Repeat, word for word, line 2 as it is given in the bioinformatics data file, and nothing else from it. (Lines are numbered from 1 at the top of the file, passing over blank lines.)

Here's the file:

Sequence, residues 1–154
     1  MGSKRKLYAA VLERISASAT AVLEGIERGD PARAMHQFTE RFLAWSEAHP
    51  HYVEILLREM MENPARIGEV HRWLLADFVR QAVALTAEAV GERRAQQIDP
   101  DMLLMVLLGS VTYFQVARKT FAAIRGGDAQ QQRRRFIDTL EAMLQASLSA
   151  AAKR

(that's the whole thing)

     1  MGSKRKLYAA VLERISASAT AVLEGIERGD PARAMHQFTE RFLAWSEAHP